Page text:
Putting Together the Pieces To Help Solve the POTS Puzzle
While its impact on your blood pressure and overall health can be overwhelming, there are answers for those riddled by this form of dysautonomia.
How could a perfectly healthy, active person suddenly become bedridden, unable to even stand for a few minutes without being overwhelmed with dizziness and complete exhaustion? This mysterious scenario has become a reality for more than 500,000 people in the United States today. Known as POTS, short for postural orthostatic tachycardia syndrome, this form of dysautonomia primarily affects women—and those affected often believe their lives will never be the same.
While POTS is a puzzling syndrome, the autonomic disorder is definable by its predominant hallmark of an overactive heart rate in response to exercise or common daily activity. Yet, just as quickly as the condition can take over, the syndrome and its symptoms can be improved in the vast majority of patients, according to Cleveland Clinic cardiologist and Medical Director of the Syncope Center Fredrick Jaeger, DO.
“POTS, or dysautonomia, is not a specific disease; rather it’s a collection of diseases and symptoms with many different causes,” says Dr. Jaeger. “It’s truly an enigma because we don’t understand the precise underlying pathophysiology as to its cause. Because of this, we don’t have definite ways of treating POTS, but we do have a good ability to diagnose it and determine what may be impacting the patient’s autonomic nervous system.”
POTS and your body’s intranet
To understand the power of POTS over the body, think of how a computer’s internal network becomes incapacitated when attacked by viruses. Similarly when a virus or injury harms the body’s autonomic nervous system, its overall intranet of communication is scrambled, causing the chronic symptoms of POTS.
Defined as the presence of orthostatic intolerance accompanied by increased heart rate, POTS causes cardiac symptoms, including lightheadedness, chest discomfort, shortness of breath, and fainting (syncope). The syndrome can also be responsible for non-cardiac symptoms such as headache, nausea, sleep difficulties and cognitive impairment.
“There are several different varieties of disorders that can present in POTS, including hypovolemia, or an abnormal decrease in blood volume that results from blood pooling in the abdomen and legs,” he explains. “Patients can also be over-sensitive to their own adrenaline, or we can find that they have a neurological diagnosis.
“It’s not clear why women are more predisposed to POTS—it may be environmental factors or genetics,” says Dr. Jaeger. “Our approach is to dig to the underlying abnormalities and then target those with therapies.”
Tilting for answers
As the center to pioneer accurate diagnosis of dysautonomia and POTS, Cleveland Clinic offers a comprehensive panel of cardiovascular and neurological tests to assess the full spectrum of autonomic disorders. Central to initiating proper care of dysautonomia is the cardiovascular autonomic test with tilt, or tilt table test. The tilt table test records a patient’s blood pressure and heart rate on a minute-by-minute basis while the table is tilted in a head-up position at different levels.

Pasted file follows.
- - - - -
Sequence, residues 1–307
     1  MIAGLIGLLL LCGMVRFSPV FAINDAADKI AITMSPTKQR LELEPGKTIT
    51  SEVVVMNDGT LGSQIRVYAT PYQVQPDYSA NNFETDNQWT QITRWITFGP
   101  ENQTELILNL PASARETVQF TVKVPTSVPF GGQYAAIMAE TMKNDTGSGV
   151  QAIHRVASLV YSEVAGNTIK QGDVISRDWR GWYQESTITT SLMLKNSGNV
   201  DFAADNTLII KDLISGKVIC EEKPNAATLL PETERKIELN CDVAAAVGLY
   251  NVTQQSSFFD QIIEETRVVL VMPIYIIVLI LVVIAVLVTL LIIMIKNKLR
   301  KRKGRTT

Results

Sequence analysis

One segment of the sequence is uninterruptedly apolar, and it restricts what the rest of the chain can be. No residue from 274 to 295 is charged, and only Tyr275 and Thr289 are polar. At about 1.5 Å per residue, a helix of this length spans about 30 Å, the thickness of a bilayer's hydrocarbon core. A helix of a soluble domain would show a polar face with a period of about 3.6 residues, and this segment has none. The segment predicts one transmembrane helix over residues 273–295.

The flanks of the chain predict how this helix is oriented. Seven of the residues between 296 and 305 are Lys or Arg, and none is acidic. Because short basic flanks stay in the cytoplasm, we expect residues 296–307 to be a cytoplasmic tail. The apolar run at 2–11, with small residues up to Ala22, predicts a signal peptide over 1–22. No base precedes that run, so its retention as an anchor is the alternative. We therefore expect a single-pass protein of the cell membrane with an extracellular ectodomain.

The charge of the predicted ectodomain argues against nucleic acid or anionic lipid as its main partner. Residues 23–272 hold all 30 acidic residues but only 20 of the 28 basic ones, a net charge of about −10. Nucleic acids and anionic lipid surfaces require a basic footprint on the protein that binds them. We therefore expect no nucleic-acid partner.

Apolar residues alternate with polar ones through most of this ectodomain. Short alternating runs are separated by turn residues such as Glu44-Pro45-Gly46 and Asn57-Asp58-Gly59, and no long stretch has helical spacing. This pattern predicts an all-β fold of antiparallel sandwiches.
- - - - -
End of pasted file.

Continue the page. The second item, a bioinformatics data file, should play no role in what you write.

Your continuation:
“The results of the tilt test help us determine what may be causing symptoms of lightheadedness or syncope,” says Dr. Jaeger. “While we also test for other possible underlying cardiovascular problems, fortunately we rarely find them because POTS patients are typically young and otherwise healthy with normal hearts.”
Although cognitive impairment is usually moderate in patients with dysautonomia, the syndrome can cause severe impairment. In these patients, it’s important they undergo comprehensive evaluation to look for any structural neurologic disease, in addition to treatment for increased blood pressure and heart rate.
Action for relief
Research has shown that one component behind POTS is acute deconditioning. However, a study published in Hypertension: Journal of the American Heart Association found that exercise training made patients feel better without using the beta-blocker medication commonly given to lower the heart rate upon exertion.
“Lifestyle changes, particularly participating in an exercise program, have been shown to be very helpful for POTS patients,” explains Dr. Jaeger. “Our cardiac rehabilitation program starts with non-gravitational exercises, including using a recumbent cross trainer machine, recumbent bikes and aqua therapy. By increasing their cardiovascular conditioning we also reduce the pooling of blood in the legs.”
Additional non-pharmacologic treatments include being well hydrated by drinking eight to 10 cups of water or electrolytes daily and increasing sodium intake to five to seven grams each day. Wearing compression stockings also helps minimize blood pooling in the legs while decreasing overall symptoms.
While the majority of POTS patients find relief over time through exercise and lifestyle changes, medication may be required to make a difference. Beta-blockers, including low-dose propranolol (Inderal®), may be helpful in controlling tachycardia. For patients with blood vessel failure, the drug midodrine (Proamatine®) may be prescribed. And, while POTS patients may not be depressed, antidepressants such as a selective serotonin reuptake inhibitor may regulate adrenaline input to the body and improve blood pressure, explains Dr. Jaeger.
“While there are many medications that we commonly prescribe for POTS, our program tends to tailor medications based on individual status, abnormalities and demonstrated dysfunction,” he says. “Paramount in all of these is a concomitant exercise or reconditioning program.”